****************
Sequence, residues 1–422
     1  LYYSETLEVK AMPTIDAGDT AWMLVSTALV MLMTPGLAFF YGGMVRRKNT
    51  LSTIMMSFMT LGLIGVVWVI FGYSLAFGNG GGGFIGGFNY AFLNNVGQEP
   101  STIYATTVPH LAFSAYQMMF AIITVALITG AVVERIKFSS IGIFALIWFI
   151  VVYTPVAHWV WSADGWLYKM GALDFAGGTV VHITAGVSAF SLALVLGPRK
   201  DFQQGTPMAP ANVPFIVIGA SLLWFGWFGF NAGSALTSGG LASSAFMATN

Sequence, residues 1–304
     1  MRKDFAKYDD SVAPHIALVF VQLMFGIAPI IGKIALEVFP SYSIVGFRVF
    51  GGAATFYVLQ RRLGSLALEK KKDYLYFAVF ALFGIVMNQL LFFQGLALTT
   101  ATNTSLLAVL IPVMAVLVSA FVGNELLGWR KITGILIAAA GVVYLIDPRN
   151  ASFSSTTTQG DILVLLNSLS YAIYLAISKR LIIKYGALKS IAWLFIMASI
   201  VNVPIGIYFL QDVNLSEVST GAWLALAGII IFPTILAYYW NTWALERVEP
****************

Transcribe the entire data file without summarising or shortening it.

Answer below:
Sequence, residues 1–422
     1  LYYSETLEVK AMPTIDAGDT AWMLVSTALV MLMTPGLAFF YGGMVRRKNT
    51  LSTIMMSFMT LGLIGVVWVI FGYSLAFGNG GGGFIGGFNY AFLNNVGQEP
   101  STIYATTVPH LAFSAYQMMF AIITVALITG AVVERIKFSS IGIFALIWFI
   151  VVYTPVAHWV WSADGWLYKM GALDFAGGTV VHITAGVSAF SLALVLGPRK
   201  DFQQGTPMAP ANVPFIVIGA SLLWFGWFGF NAGSALTSGG LASSAFMATN

Sequence, residues 1–304
     1  MRKDFAKYDD SVAPHIALVF VQLMFGIAPI IGKIALEVFP SYSIVGFRVF
    51  GGAATFYVLQ RRLGSLALEK KKDYLYFAVF ALFGIVMNQL LFFQGLALTT
   101  ATNTSLLAVL IPVMAVLVSA FVGNELLGWR KITGILIAAA GVVYLIDPRN
   151  ASFSSTTTQG DILVLLNSLS YAIYLAISKR LIIKYGALKS IAWLFIMASI
   201  VNVPIGIYFL QDVNLSEVST GAWLALAGII IFPTILAYYW NTWALERVEP